The Wright Stuff

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The Wright Stuff

Orville and Wilbur Wright and the quest for human flight

From the earliest days of recorded history, we humans have longed to fly.  Although the only known flying mammals are bats, Orville and Wilbur Wright, and other twentieth century inventors, built aircraft that enabled our species to soar through the skies.  These titles tell the story of their achievements and the many failures they experienced along the way.   

The Wright Brothers by David McCullough
The Pulitzer prize winning author penned this biography about the brothers' formative years in Dayton, Ohio, where they operated printing and bicycle shops, progressing to their airplane workshop and proving grounds in Kitty Hawk, N.C. Intellectually gifted Wilbur had hoped to attend Yale University, but those hopes were dashed when he was severely injured while playing hockey.  Orville, who possessed great mechanical and spatial aptitude, was an excellent match for his genius brother. Both men were curious, inquisitive and courageous. Drawing on diaries, notebooks and letters, the author has drafted a profoundly moving volume about the quest for flight.
Birdmen by Lawrence Goldstone
This book, primarily about the rivalry between the Wright Brothers and machinist Glenn Hammond Curtiss in the quest to patent the first airplane, offers a colorful history of early aviation and the personalities who populated the dawn of the aeronautic age.  Peripheral figures profiled include Thomas Scott Baldwin, inventor of the parachute, early stunt pilot John Moisant and Harriet Quimby, the silent film star who became the first woman to fly across the English channel. Birdmen is a fitting tribute to the early years of American air travel.

The Wright Brothers and the Invention of the Aerial Age by Tom Crouch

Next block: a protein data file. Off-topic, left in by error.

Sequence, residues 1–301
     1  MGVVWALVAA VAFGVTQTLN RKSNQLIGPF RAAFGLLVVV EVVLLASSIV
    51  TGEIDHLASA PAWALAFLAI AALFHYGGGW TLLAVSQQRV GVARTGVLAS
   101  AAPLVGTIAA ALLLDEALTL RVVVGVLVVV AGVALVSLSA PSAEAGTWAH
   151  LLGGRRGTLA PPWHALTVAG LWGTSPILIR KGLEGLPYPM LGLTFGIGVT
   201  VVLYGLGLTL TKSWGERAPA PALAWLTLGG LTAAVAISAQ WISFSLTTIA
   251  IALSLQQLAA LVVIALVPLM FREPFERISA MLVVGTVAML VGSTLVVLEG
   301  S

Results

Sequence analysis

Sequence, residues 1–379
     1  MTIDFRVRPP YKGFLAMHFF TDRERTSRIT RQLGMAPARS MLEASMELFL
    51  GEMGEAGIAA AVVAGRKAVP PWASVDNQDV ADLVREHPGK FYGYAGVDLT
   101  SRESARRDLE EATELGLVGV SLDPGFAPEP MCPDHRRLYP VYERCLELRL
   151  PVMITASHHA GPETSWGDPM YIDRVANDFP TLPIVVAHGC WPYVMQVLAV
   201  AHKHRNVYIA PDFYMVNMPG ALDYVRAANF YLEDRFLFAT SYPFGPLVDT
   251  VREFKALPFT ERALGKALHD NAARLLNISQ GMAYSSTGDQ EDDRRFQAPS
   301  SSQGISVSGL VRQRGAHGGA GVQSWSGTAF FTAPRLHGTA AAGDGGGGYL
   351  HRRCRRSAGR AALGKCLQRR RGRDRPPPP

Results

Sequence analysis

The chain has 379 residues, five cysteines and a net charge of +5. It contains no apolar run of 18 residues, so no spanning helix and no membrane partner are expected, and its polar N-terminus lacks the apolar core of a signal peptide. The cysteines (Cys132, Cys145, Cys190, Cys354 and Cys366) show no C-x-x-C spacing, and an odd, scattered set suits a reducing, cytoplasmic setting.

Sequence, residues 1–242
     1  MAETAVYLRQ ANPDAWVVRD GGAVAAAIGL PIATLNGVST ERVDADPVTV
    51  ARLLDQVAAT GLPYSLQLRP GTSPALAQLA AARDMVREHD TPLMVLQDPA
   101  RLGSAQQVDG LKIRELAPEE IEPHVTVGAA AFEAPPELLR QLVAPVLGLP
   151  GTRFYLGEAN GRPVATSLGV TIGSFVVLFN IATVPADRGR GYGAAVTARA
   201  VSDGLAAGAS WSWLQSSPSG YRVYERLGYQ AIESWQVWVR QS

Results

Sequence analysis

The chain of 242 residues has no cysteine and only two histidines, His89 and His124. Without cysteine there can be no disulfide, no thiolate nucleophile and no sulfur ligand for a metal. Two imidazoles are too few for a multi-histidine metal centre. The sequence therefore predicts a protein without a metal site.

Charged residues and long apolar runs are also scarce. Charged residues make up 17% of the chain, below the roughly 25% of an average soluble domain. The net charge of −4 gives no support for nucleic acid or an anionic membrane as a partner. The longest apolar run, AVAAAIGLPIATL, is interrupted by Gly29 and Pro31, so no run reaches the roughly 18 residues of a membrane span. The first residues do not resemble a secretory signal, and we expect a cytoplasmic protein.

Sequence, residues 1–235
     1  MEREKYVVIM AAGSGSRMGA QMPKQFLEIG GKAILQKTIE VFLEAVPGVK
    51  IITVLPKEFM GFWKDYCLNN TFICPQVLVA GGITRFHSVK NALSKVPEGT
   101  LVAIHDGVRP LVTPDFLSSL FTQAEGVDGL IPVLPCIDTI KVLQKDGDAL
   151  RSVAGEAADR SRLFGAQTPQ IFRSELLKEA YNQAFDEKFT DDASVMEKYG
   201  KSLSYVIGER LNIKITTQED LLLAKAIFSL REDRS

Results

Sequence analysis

Published to coincide with the one hundredth anniversary of the Wright brother's historic flight at Kitty Hawk, this title was written by a curator at the Smithsonian Air and Space Museum. In this book, he explains how the strict Calvinism practiced in the Wright home benefited the brothers, boosting their perseverance and resilience after their numerous setbacks -- but did little to prepare them to deal with the fame they encountered once they achieved their success. Lavishly illustrated with well known and obscure photographs, this book serves as a worthy companion to the Wright brothers exhibit at the Air and Space Museum. 

The Wright Sister by Richard Maurer
Like many women of her era, Katharine Wright, the younger sister of Orville and Wilbur, received little recognition during her lifetime.  Yet, she was the only one of the three to attend and graduate from college (Oberlin). Charged with running the household after the death of their mother, Katharine effectively discharged her homemaker responsibilities although she was only in her teens at the time. After graduating college and entering the workforce, Katharine also sacrificed her career as an educator to assist her older brothers in their quest for flight. This book provides a fascinating look into an often overlooked participant in the better known story of the Wright family -- and, while, written for those in the middle grades and above, its information is compelling and presentation appropriate for adult readers.
Wright Brothers, Wrong Story by William Elliott Hazelgrove
Conventional wisdom has long held that Orville and Wilbur Wright contributed equally in building the first manned flying machine.  The author of this engaging story questions the validity of this premise. Instead, he posits that Wilbur was indeed the more intellectually capable of the two and that Orville's contribution to the effort was primarily as a glorified mechanic. The author argues that the exaggerated importance of Orville's efforts originated with Orville, following the early death of Wilbur (from typhoid fever) in 1912. Since Orville outlived his older brother by over 30 years, dying in 1948, he and family friend Fred Kelly had plenty of time to shape a story that inflates Orville's contribution to the history of aviation.